While I agree with al-Irlandee that in some respects, Blackamericans are still viewed as a threat (especially when affluent, suburban whites come in contact with inner-city blacks) but I find it curious that al-Irlandee chose to single out Condoleeza Rice and Thomas Thomas as his two examples of blacks who are non-threatening. Is it perhaps that these two people also happen to embrace an ideology that conflicts with Mr. al-Irlandee (I’m not objecting to his objection with them – just that he chose them), therefore “selling out”? I would counter that Bill Cosby or Sidney Poitier would be perceived as no less harmless than Ms. Rice or Mr. Thomas but perhaps that they don’t represent “The Man”, they would not make the cut.

From examining al-Irlandee’s statements, it would seem that Islam is more about Revolution than it is about morality. And while al-Irlandee does mention “justice” it seems that it is a specific brand of justice, one which can only be brought about by Islam and “true Muslims” who reject America and all of her wanton moral depravity. As I stated in my post, revolutions do not have long shelf lives. They are often used as tools to achieve other means, perhaps means that in the end, will no longer coincide with the objectives of the revolution itself (the Cuban Revolution comes to mind). Again, I would ask for some type of justification on this stance from the Sunnah of the Prophet.

Another part of al-Irlandee’s response was his justification for not identifying as American and yet claiming some notion of “Irishness”. I would ask al-Irlandee if he was born in Ireland and even if he was, does he reside there? My intuition tells me that al-Irlandee is an Irish-American, who at best, can claim his heritage as hailing from that fair, green land. In what way are you able to claim being Irish when in all likeliness, you’ve been raised here in America. The food you eat is American. The language you speak is American English (not Gaelic or the Queen’s English). This stance to me seems to be an illegitimate excuse to not embrace what you clearly are (an American!) and simply get on with it. And as for the reference to, “hyper-assimilated Irish Americans” (I don’t know what “hyper” here means), rebel or protest people, to me, is “same thing, different smell”.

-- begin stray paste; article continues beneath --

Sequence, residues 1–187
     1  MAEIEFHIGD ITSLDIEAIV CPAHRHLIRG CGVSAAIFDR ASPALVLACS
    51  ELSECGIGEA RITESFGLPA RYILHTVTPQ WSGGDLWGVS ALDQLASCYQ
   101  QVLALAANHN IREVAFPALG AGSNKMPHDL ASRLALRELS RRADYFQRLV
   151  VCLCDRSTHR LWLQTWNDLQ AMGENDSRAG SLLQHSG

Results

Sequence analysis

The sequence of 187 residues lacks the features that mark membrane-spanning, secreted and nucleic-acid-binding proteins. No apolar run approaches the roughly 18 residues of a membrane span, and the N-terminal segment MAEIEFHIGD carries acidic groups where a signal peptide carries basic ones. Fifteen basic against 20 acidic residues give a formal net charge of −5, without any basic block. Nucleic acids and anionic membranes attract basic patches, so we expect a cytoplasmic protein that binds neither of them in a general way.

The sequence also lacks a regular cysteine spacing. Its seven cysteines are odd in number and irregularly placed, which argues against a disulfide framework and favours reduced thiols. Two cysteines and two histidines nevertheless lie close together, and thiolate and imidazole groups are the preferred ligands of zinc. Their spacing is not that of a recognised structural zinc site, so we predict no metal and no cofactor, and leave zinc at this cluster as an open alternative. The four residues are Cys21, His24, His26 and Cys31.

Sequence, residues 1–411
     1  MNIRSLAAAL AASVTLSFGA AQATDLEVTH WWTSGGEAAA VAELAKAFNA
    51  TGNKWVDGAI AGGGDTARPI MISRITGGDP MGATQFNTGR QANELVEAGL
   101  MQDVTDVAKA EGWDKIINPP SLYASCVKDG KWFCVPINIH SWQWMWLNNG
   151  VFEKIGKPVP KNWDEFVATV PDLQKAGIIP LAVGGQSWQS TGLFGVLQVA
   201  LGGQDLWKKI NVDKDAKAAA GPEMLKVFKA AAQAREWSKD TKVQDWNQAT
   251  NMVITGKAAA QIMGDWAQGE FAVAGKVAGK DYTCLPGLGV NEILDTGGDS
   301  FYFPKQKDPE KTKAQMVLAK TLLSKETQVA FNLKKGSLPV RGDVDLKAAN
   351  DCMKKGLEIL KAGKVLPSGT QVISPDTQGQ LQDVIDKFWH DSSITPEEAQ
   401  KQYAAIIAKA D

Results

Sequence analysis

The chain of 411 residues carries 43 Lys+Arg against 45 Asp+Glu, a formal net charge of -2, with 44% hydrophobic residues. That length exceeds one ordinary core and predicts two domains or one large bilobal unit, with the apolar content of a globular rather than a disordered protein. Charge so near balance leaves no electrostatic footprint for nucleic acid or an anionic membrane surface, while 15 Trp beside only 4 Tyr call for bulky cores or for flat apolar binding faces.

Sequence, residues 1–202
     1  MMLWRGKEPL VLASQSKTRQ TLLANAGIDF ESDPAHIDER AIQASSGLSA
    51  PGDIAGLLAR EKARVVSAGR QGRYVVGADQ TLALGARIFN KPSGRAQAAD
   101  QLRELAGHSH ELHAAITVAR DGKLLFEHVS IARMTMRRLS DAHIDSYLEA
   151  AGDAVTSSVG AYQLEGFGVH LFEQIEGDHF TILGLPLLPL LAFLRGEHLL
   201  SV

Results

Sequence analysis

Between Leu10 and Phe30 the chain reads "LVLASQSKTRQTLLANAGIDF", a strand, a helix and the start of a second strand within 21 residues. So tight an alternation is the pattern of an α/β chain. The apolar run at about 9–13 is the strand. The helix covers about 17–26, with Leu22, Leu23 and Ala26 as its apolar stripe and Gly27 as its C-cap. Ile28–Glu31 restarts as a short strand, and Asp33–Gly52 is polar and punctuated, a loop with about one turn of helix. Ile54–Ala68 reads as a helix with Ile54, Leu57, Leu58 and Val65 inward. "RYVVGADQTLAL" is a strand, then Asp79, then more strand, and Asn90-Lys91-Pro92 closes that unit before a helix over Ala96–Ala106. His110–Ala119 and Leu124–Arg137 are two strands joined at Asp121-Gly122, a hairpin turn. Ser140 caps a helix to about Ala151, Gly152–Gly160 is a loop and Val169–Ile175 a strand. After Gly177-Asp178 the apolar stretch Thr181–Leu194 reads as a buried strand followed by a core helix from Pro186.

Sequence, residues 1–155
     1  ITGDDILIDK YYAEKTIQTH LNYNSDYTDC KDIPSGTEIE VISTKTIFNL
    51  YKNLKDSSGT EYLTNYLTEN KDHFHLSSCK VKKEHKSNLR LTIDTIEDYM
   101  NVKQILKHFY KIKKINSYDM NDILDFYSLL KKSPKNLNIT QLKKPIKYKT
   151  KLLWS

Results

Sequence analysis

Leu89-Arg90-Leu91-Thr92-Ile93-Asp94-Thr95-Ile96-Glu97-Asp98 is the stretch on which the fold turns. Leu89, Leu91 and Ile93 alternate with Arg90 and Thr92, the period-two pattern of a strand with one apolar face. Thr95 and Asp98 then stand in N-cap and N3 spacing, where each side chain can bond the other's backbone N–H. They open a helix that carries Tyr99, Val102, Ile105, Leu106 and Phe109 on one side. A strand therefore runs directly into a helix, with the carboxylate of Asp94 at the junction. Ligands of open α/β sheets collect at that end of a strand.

al-Irlandee continues in his response by stating that,

“…you will never catch me waving an American flag.”

I would ask al-Irlandee how and what do you consider adherence to being American? Does it necessitate waving a flag? Does it take some formal, outward action in order to be included within the fold of America? I would certainly say no. I have not waved an flags and yet I have spoken at the National Constitution Center, having participated in an interfaith reading of the Constitution. Would that in your eyes compromise my Islam? Or even my Blackness? I would say that you have some serious contemplation to do regarding your stance on being American as well as being Muslim. My point about immigrant Muslims being accepted into America and how it revolved around the two main modes of Americaness, mainly white or black, had nothing to do with white Americans embracing Islam (which, of course, they are welcome to do so). Rather, it had precisely nothing to do with that. Such a move would again only validate the stance of majority-white America in that Islam is something “foreign” or something that isn’t “white”. So my point is not that Islam is waiting for white America to convert en masse, which I think we all know ain’t gon’ happen this decade. Instead, White America needs to be able to accept Islam as its own entity, not in how it lacks some Euro-centric/Western component.

From looking at what al-Irlandee wrote, it seems as if there is not room to consciously object while still maintaining allegiance to the greater society, in which ever form that might take. al-Irlandee is correct that many Muslims, black, immigrant or otherwise, may have conscientious objections to many aspects of governmental policies, foreign or domestic (odd how domestic policy gets so little scrutiny for the Muslims here even though there a a system of mass oppression going on – perhaps this fits into the other end of the “us and them” ideology). There is more than one way to be an American – many ways that do not involve flag waving, Constitution readings or otherwise. I find al-Irlandee’s definition to be close minded. Instead, it seems to be a justification to have a pouting party. Incidentally, this same form of rhetoric is used by the Salafi movement here on the East Coast (which is preached to predominantly black populations) which justifies lack of education, joblessness and overall lack of societal responsibility.